This is as close as John wants to take us for now to the celebration for all eternity — like at the end of the seven seals, he teases us, gives us a little more detail, but leaves us hanging, ready to go back and tell the story one more time.

The KJV inserts the three-fold recognition (”was”, “is”, “is to come”), so apparently the translators assumed part of the text had been lost, and that this passage should parallel the three-fold description in Revelation 1:4, 1:8, and 4:8. Modern translations translate this passage correctly from the Greek manuscripts as simply “who are and who were,” for there is no more need at the final victory to praise the One who will come, because He has already come.

18 And the nations were angry [raged], and thy wrath is come, and the time of the dead, that they should be judged, and that thou shouldest give reward unto thy servants the prophets, and to the saints, and them that fear thy name, small and great; and shouldest destroy them which destroy [corrupt] the earth.

God’s response to evil is measured and appropriate, shown in the choice of Greek words for “raged” and “wrath,” both of which have the same root. The word for “reward” can also be translated “to give what is due,” and likely references the parable of the workers in Matthew 20:1-16 with the “reward” to the workers given at the end of the day.

There is a play on words with the Greek diaphtheirai, which means “to destroy.” This word is translated correctly in 1 Timothy 6:5 as part of the phrase “corrupted in mind.” So, while the meaning is “destroyed those who corrupted the earth,” the poetry of the line is met with “destroyed those who destroyed the earth,” as translated in the KJV.

Application for today

Marva Dawn identifies a common thread between the two interludes after the sixth seal and the two interludes after the sixth trumpet. In both, the first of the interludes (the four angels holding the winds and the mighty angel) answer the human plea of “how long?,” but the second interludes (the gathering of martyrs in heaven and the two witnesses) answer the more important question of what God’s people should be doing in the mean time. This core principle commands us, in Dawn’s words, “to wait because of who God is, even when things don’t change.”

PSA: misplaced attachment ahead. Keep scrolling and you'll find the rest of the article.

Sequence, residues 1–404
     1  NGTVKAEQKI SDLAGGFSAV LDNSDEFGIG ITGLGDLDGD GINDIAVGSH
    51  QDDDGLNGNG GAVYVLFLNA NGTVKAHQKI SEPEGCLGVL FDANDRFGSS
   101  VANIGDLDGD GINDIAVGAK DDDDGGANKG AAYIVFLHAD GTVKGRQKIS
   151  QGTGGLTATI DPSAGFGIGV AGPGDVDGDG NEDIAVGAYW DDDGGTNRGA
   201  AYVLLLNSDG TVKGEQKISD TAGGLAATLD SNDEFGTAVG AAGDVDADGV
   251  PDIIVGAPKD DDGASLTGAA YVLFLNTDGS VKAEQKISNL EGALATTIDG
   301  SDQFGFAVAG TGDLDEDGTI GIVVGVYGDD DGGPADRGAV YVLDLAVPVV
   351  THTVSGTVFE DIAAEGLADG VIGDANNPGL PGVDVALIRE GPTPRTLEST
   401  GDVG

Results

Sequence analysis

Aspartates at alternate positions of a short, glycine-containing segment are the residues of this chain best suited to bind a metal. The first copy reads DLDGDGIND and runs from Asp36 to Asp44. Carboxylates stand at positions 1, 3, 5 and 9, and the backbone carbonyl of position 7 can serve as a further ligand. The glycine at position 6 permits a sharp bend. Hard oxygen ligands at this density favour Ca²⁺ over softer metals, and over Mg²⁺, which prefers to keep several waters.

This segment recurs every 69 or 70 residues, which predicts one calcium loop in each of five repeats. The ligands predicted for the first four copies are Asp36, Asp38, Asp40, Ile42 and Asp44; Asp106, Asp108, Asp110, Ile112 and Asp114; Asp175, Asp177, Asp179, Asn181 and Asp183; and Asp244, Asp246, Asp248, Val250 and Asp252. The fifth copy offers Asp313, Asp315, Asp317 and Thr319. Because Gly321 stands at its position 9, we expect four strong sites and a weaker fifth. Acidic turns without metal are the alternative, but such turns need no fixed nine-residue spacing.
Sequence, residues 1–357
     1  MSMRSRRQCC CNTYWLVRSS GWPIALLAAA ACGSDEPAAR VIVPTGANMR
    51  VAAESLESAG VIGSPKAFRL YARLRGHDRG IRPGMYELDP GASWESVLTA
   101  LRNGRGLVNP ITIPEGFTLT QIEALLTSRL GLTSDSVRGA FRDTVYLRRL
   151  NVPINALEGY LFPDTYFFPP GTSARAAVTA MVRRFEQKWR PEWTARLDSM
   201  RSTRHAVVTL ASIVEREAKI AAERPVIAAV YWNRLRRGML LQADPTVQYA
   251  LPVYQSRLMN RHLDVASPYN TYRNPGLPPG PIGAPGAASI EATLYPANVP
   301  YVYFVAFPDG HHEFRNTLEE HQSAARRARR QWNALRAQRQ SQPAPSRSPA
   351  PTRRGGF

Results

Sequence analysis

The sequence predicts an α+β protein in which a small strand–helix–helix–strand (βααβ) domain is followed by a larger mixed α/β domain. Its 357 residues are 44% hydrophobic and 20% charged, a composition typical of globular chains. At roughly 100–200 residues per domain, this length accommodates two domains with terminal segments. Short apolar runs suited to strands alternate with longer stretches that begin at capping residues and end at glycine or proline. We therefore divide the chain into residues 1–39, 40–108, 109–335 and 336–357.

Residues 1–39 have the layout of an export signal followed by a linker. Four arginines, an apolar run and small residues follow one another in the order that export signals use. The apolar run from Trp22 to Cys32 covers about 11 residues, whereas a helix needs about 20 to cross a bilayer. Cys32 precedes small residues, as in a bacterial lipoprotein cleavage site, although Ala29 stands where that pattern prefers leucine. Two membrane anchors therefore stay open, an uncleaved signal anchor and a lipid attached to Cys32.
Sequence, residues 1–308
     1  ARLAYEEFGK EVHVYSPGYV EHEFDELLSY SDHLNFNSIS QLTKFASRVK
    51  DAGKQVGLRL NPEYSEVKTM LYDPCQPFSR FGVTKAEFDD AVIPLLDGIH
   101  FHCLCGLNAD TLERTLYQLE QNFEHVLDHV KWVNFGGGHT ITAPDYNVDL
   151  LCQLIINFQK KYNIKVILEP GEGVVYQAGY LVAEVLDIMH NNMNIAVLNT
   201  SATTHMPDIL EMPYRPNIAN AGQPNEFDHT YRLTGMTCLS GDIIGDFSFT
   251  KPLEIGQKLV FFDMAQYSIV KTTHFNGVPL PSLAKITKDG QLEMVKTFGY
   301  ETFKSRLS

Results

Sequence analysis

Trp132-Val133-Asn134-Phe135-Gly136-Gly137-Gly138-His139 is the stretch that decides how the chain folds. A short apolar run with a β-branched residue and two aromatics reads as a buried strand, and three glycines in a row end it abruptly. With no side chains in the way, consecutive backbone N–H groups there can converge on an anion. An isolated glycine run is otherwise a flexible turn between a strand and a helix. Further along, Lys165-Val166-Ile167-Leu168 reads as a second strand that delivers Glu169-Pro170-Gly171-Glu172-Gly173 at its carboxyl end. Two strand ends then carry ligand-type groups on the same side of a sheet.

Dawn includes a modern illustration of this spiritual patience in a work by a favorite composer of mine, Olivier Messaien. While in a German concentration camp, he and several other prisoners were allowed to play damaged musical instruments that were in the camp, including a violin, a cello, a clarinet, and a piano. Messaien wrote a piece of music for this unusual instrumentation called Quatuor pour la fin du temps, or “Quartet for the End of Time.” In secular terms, it is a marvelous example of the triumph of the human spirit over heinous circumstances.

The (translated) names for the movements of this piece show the inspiration and hope in this piece:

  • Crystalline Liturgy
  • Vocalise for the Angel Who Announce the End of Time
  • The Abyss of the Birds
  • Interlude
  • Praise to the Eternity of Jesus
  • Dance of the Fury for the Seven Trumpets
  • Tangles of Rainbows for the Angel Who Announces the End of Time
  • Praise to the Immortality of Jesus

I did not know until I read Dawn’s book that Messaien used this passage as the inspiration for his piece. In doing so, he grasped the hope of Christ in the despair of a prison camp, seized the lesson of acting for God even while waiting for God to conquer Nazi evil, and delivered a powerful testimony of God’s love and eternal victory.